How that match might swing will depend on many factors. The first is Nishikori’s body. He always seems to be at risk of retiring or breaking down in way too many matches. Longer Slam matches don’t help. The good thing for him, however, is that he’s playing some of his best tennis and is a better mover than most. If he can get by Kohlschreiber, I think he’ll get past Raonic for a spot in the quarters.
My gut tells me that Rafa won’t make it out of this quarter. Then again, my gut told me that his knee wouldn’t hold up for last year’s US Open; and we all know what happened there, right? In all seriousness, Rafa’s best chance this year is to pray for a hot and dry fortnight that will make for drier grass and, eventually, a more clay-esque environment for his game.
Djokovic – Berdych, Murray – Dimitrov, Wawrinka – Federer, Nishikori – Nadal
Notable First-Round Matches
Steve Johnson (USA) v Roberto Bautista Agut (ESP) 
Grigor Dimitrov (BUL)  v Ryan Harrison (USA)
Donald Young (USA) v Benjamin Becker (GER)
Samuel Groth (AUS) v Alexandr Dolgopolov (UKR) 
Martin Klizan (SVK) v Rafael Nadal (ESP) 
Ernests Gulbis (LAT)  vs Novak Djokovic (SRB) 
H2H: Djokovic leads 4-1
Original Picks: Novak Djokovic*, Roger Federer
Gulbis did a couple of things really well the other day in his quarterfinal against Tomas Berdych. The first, and most important, was the excellent way that he managed himself. That’s no small task given his volatile on-court persona. The second was how well he managed his game against Berdych. Though Berdych was clearly “off” his game, Gulbis was very effective in keeping him off-balance with the same type of shot variety that kept Federer similarly off-balance in their R16.
The problem for Gulbis in this particular match is that Djokovic is a cut above Berdych. He possesses better movement, better defense, more varied offense, and is the “best on tour” in his ability to turn defense into offense at a moment’s notice. Gulbis’ dropshots won’t bother him, his pace won’t bother him, and Djokovic’s return game is the best around.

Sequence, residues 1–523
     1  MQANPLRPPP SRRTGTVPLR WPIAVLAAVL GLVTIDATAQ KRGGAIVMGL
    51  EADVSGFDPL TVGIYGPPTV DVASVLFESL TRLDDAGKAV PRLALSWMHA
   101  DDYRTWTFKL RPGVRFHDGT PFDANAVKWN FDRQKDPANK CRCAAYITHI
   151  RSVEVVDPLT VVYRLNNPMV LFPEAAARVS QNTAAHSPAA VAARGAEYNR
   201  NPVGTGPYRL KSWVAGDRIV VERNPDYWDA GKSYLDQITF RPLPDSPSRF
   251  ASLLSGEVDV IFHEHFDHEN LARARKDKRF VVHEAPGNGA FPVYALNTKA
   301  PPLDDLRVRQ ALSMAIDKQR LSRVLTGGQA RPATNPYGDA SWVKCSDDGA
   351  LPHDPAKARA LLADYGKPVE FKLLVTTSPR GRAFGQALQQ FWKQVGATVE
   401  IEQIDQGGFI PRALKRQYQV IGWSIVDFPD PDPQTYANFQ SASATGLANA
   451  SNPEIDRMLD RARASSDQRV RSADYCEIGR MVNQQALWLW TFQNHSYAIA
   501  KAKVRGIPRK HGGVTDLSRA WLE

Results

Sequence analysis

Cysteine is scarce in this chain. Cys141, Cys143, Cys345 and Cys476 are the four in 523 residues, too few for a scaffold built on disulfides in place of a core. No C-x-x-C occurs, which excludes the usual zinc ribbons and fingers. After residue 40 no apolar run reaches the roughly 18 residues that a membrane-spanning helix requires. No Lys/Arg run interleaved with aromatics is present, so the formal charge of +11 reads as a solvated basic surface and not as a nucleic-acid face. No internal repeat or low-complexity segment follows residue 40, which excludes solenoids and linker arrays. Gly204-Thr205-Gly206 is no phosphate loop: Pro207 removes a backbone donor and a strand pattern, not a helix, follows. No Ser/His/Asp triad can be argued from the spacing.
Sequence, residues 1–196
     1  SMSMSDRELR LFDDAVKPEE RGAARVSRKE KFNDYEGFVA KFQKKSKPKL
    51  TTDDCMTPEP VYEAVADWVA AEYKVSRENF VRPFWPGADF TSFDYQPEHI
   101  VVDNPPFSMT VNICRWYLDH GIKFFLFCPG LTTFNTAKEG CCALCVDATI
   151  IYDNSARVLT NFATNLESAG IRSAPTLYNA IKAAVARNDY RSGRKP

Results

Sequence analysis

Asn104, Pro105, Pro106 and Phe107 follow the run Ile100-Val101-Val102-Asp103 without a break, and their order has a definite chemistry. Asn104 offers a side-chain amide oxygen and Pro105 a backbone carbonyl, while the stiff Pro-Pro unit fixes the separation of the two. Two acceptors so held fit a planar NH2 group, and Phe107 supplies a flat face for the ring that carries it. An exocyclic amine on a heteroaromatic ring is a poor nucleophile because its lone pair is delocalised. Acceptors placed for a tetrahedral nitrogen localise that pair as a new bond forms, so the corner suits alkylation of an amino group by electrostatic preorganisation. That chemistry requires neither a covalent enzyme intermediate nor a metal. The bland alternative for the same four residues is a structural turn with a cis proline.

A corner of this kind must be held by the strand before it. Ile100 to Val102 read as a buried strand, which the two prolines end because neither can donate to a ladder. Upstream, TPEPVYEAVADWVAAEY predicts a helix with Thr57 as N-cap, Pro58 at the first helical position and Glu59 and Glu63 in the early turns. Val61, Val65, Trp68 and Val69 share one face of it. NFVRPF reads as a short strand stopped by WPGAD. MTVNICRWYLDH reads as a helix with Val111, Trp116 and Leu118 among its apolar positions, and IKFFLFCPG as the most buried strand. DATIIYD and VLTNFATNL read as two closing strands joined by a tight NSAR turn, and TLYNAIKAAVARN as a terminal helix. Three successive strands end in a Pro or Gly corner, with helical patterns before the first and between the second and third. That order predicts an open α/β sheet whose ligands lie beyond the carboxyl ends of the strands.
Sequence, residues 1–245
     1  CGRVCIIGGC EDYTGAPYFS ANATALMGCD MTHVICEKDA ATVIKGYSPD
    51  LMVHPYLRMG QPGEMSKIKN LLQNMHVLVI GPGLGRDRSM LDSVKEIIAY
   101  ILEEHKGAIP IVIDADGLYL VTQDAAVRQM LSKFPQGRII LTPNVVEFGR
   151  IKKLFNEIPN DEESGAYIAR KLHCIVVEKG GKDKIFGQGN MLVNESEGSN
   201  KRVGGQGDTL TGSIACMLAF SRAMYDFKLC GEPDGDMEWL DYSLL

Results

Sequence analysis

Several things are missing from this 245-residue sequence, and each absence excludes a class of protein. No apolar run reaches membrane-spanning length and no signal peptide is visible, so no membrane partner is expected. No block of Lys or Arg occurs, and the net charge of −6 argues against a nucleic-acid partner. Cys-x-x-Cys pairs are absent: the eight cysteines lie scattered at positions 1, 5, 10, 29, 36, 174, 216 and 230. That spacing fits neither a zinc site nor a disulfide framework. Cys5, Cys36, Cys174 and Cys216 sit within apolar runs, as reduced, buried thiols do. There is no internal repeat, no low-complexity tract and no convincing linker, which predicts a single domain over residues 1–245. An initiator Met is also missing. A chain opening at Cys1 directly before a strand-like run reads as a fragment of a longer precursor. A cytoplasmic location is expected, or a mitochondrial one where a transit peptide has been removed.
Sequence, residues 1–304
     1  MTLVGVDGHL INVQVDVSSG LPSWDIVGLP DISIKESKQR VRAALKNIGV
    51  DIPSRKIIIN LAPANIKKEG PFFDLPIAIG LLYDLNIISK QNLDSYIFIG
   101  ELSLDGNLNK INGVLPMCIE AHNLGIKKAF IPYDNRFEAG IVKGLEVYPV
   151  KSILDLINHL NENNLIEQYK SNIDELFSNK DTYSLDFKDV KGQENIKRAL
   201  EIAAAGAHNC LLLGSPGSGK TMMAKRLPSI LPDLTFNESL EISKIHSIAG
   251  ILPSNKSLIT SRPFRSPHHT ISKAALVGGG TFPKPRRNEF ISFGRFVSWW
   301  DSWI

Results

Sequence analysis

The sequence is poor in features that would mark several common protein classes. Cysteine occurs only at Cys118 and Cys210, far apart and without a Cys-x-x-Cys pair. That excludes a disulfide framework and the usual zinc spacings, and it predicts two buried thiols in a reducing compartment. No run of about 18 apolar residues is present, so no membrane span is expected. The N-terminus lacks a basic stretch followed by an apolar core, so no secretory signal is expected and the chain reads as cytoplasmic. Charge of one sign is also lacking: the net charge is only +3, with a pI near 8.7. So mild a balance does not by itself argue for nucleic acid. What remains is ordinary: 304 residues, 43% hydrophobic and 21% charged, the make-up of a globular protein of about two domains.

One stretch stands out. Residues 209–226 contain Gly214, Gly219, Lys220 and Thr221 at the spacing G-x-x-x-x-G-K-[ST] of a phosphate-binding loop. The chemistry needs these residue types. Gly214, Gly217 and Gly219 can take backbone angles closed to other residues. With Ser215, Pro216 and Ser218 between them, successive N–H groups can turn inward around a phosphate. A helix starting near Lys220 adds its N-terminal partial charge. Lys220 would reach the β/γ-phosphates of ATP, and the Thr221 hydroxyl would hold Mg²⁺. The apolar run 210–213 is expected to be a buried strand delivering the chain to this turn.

Simply put, there’s nothing Gulbis can do that will cause sufficient stress to Djokovic’s game. Conversely, there’s a ton that Djokovic can and will do to stress Gulbis’ game. For example, he’s probably going to stretch him wide to the forehand like Berdych tried, but will better be able to handle any ensuing squash shots or short balls.
I could go on but you get the gist of it. This match is Novak’s to win. BUT I do expect at least one broken Gulbis racquet.
Revised Pick: Novak Djokovic in four sets.
Rafael Nadal (ESP)  vs Andy Murray (GBR) 
H2H: Nadal leads 14-5
Original Picks: Rafael Nadal*, Stan Wawrinka
Andy has NEVER beaten Rafa on clay. Unfortunately, that trend will continue in their French Open semifinal match when Rafa beats Andy to reach his ninth final in ten attempts.
Andy might take a set off of Rafa because of his incredible defense, and I do mean incredible, but it won’t be more than that. And admittedly, I’m only giving him that set because Rafa isn’t at his imperious best these days. The outcome of this match, however, will never be in doubt.
The situation might be slightly different if Ivan Lendl were still in the picture. One of the things he pushed Andy to do was be more aggressive with his forehand when he plays Rafa, and to also not be afraid to rip that backhand down the line. Both of those strategies have been shown to be highly effective against Nadal, and would certainly enhance his chances in this match.